The Jigme Dorji Wangchuck National Referral Hospital (JDWNRH) in Thimphu will introduce radiation therapy service for the benefit and convenience of referral patients and their escorts.

The service is expected to be in operation by the end of this year.

The hospital’s president, Lhab Dorji, said, cancer remains the most referred case. On an average, 1,200 patients are referred abroad every year, mostly to Kolkata and Vellore in India for treatment. About 50 percent of those referred are cancer patients.

The annual out country patient referral cost increased from Nu114.2M (million) in 2010 to Nu 192.9M last year.

Health minister Tandin Wangchuk said that by introducing the service, patients might not have to travel abroad to avail the service, which is a hassle. Providing the service at home would save about 30 percent of the referral cost.

Lhab Dorji said that besides the substantial amount of money spent on radiotherapy and chemotherapy, the patients suffer when they are referred for treatment abroad. “Introducing the service in the country will also develop the capacity of the country to carry out the specialised service.”

He said it is expensive for patients and escorts to stay in a hotel for long durations and have to adjust in a guesthouse. Getting appointments, getting a place to live in, a problem in communicating and commuting are some of the challenges faced by the referred patients and escorts especially if they are from rural areas.

“There is also a risk of people especially from remote villages to get lost in the city. In fact, a Bhutanese man was lost in Kolkata earlier this year and we could not find him,” Lhab Dorji said.

He said that in the case of patients referred for a kidney transplant, the patients are kept in the hospital where staff take care of them. But for cancer patients, they are sent back after their chemotherapy or radiotherapy is done.

Considering these factors, Lyonpo Tandin Wangchuk said that the hospital board approved the introduction of radiotherapy service in the country. The hospital took about two years to study, negotiate and get the approval to introduce the service.

Lhab Dorji said the linear accelerator (LINAC), a machine that is used for external beam radiation treatments for patients with cancer is in the country and the bunkers, which were made during the construction of the hospital, are being prepared for the operation of the service.

The machine is imported from Germany.

Lyonpo said that radiotherapy is a complicated service and requires many specialists and engineers to operate. Which is why, the service is being outsourced to an international firm. “It might take ages if we have to start the service by ourselves.”

The service is outsourced to an international aid organisation, CARE Australia for 12 years. The firm will install LINAC at JDWNRH by end of next month and will have a nuclear physicist, an oncologist and a surgical oncologist as and when it is required.

Lhab Dorji said that most cancer surgeries are carried out in the national referral hospital, after which the patients are referred abroad for radio and chemo therapies.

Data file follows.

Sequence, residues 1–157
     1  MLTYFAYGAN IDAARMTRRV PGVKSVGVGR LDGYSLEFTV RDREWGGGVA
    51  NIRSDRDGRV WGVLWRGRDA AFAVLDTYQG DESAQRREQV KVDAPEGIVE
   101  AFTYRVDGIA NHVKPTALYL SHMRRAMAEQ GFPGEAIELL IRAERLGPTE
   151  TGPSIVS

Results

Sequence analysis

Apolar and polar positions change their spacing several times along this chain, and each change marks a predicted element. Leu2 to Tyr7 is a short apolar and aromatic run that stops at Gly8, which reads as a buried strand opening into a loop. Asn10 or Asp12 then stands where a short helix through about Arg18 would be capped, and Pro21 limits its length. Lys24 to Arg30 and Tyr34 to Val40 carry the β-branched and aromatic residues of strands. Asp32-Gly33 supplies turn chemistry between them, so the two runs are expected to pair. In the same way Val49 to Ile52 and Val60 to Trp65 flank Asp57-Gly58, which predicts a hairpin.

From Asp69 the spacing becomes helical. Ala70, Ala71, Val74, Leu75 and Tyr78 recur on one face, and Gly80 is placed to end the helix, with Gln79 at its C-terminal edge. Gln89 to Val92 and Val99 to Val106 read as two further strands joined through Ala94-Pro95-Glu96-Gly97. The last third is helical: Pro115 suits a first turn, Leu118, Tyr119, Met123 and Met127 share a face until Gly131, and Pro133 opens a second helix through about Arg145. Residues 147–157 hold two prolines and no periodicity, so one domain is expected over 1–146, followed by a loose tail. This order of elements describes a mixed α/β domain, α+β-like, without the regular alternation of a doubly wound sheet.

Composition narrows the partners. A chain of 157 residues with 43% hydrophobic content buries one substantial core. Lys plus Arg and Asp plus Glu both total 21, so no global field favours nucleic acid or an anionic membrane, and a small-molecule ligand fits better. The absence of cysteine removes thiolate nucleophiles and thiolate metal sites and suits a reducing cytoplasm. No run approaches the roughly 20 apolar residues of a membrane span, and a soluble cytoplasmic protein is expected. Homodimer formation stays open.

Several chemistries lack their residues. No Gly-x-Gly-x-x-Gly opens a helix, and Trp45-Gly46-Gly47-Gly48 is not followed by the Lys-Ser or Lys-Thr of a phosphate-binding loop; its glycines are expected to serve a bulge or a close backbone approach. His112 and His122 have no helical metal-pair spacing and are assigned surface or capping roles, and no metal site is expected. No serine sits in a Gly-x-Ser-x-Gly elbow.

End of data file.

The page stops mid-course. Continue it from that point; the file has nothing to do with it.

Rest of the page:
He said the hospital recently started carrying out some chemotherapy sessions for its patients. “If a patient requires a few sessions of chemotherapy after doing radiotherapy in India, we bring the drugs from the hospitals outside and carry out the session here.”

The team from CARE Australia will provide the whole treatment at the national referral hospital. The team will be under the oncology unit in JDWNRH.

“We have trained our technicians who will be attached to the team. CARE Australia will also train an oncologist in the country in the coming years so that he or she can take care of the service after 12 years,” Lhab Dorji said.

Lyonpo said that university postgraduates could also take up specialisation in the course. “Of the four specialised services that will be introduced in the country in cardiology and paediatric, this is the major one.”

The hospital will pay Nu 1 million every month for using the machine while the payment for the service will be on the patient basis.

The hospital also plans to install a brachytherapy machines six months after the operation of the radiation therapy service. Lhab Dorji said that there are some legal formalities to be carried out to have a brachytherapy service and also a proper assessment is required. “Brachytherapy is explicitly used for the treatment of cervical cancer.”

Health officials said there would be no nuclear waste from LINAC. In brachytherapy machine, they use an isotope of iodine that emits radiation, which has to be changed every 72 days.

“Since we don’t have a nuclear agency in the country, we will be working with a firm in India to replace the isotope. The firm will take the used isotopes so no nuclear waste will be in the country,” he added.

Lhab Dorji said people may question the standard and quality of the treatment but assured that the hospital will maintain the standard and quality of treatment. “The government is spending a huge amount to introduce the service but we will be reducing the referral cost,” Lhab Dorji said.

Dechen Tshomo